More than 60 years after they served in the regiment, the 86 to 92 year-olds met at a reunion, organised by the women at Martlesham. The occasion was supported by Ipswich Museum and the record office, and reported in the Evening Star in April - and it confirmed to Diana and Jane the value of what they were doing.

Jane said: “These 'old boys' thought what they did in the war was all forgotten. They were amazed when we came up with all this information. They loved it.”

Diana added: “They were very surprised that Jane and I had stuck with the project. We tried to explain to them the pleasure was all ours. From knowing almost nothing of our fathers' war years, we now have this great collection of knowledge. Finding out what our fathers went through, has helped us come to terms with it, so it works both ways. The archive is a gift from us.”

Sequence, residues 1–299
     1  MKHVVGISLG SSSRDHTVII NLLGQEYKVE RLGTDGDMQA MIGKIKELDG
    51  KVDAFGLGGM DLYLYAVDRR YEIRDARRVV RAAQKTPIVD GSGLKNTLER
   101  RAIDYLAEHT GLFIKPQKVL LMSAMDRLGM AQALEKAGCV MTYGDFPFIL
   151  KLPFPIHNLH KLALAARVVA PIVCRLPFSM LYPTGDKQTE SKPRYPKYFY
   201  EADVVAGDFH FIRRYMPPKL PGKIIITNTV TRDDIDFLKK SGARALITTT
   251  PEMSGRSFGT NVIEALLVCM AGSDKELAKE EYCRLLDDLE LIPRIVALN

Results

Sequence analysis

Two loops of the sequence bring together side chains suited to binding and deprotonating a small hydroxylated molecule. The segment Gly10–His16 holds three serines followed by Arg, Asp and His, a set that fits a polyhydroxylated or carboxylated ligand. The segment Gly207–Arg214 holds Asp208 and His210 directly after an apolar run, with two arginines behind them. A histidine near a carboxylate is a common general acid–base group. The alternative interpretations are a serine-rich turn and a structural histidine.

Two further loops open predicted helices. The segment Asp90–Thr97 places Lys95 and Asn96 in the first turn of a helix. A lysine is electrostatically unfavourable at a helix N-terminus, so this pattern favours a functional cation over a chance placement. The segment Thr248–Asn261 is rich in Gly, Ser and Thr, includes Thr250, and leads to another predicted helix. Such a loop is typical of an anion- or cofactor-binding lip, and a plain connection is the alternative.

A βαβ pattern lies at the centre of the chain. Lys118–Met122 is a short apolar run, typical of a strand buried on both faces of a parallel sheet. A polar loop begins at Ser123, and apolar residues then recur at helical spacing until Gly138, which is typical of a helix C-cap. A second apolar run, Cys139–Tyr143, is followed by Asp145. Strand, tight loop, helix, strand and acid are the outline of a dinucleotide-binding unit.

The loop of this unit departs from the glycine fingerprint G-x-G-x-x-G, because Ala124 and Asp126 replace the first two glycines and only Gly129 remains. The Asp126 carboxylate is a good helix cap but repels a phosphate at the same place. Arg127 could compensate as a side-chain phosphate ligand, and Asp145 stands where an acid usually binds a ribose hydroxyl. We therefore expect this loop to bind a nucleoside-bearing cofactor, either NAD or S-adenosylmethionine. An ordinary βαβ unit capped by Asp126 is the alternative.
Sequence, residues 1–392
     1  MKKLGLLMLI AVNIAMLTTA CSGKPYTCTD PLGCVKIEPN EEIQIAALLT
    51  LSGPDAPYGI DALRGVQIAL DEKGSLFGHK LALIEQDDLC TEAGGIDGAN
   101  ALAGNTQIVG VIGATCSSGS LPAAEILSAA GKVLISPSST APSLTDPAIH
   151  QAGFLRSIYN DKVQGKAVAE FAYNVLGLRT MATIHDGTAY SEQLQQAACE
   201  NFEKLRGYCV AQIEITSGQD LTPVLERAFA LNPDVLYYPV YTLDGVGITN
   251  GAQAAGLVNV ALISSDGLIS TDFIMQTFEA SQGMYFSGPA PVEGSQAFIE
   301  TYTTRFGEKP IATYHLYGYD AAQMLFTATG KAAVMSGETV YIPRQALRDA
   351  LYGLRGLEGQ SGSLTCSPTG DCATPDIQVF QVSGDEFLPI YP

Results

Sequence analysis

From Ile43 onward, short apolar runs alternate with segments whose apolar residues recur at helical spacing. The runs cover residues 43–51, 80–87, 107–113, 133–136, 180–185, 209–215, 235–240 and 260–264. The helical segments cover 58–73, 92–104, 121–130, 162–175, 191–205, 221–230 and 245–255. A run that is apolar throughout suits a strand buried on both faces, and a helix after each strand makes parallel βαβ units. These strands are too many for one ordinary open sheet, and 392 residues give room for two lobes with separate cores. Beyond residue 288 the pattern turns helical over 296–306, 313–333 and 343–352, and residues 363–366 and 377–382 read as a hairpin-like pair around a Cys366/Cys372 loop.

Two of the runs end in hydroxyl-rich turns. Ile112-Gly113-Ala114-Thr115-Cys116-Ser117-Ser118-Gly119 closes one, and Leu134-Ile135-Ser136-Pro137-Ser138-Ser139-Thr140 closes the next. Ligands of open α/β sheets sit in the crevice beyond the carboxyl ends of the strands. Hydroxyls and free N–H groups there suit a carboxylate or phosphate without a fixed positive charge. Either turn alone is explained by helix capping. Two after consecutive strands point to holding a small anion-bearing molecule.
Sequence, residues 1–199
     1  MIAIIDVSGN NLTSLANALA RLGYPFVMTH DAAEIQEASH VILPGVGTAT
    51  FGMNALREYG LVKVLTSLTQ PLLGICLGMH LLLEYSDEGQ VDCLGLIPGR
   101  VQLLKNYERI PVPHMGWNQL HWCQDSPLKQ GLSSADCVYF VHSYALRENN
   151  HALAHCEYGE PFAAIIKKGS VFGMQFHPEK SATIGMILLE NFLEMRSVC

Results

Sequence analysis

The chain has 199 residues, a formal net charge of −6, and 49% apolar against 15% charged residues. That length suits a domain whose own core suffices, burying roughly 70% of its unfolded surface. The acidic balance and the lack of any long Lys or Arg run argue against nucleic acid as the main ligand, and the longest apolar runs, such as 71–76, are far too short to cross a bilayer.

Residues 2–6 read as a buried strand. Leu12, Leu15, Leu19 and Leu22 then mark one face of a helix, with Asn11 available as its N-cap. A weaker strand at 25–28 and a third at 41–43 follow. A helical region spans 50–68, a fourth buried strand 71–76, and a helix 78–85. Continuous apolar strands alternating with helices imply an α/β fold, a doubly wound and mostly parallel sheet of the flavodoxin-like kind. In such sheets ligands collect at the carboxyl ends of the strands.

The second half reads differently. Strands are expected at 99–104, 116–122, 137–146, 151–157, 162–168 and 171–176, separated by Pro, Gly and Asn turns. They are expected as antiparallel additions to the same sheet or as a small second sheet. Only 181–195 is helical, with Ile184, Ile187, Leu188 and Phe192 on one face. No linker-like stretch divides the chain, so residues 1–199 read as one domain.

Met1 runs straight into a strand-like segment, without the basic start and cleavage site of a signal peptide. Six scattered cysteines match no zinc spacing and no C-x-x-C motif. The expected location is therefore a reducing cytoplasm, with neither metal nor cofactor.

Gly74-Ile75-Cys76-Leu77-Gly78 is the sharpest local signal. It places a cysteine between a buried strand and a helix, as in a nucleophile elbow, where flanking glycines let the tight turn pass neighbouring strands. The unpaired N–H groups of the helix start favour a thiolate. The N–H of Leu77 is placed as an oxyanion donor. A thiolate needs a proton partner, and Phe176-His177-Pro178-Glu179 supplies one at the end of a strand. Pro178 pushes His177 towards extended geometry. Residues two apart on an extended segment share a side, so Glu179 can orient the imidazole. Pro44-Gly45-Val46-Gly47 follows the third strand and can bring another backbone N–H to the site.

Jack Knight, 92 from Ipswich was the oldest guest from the regiment. Also present were Italians Remo and Maria Columbatto and Nadia Balbo who came from Varisella Piedmont, the village which had sheltered Jane's father following his escape from captivity.

Nadia showed Jane a locket containing Pip's hair, which her grandmother had given her, with the advice: 'This is the sort of man you should marry.'

Jane and Diana had never met most of the guests before the reunion, but Diana said: “The connection was immediate. That connection is quite emotional really, especially when some of the veterans knew my father and Jane's.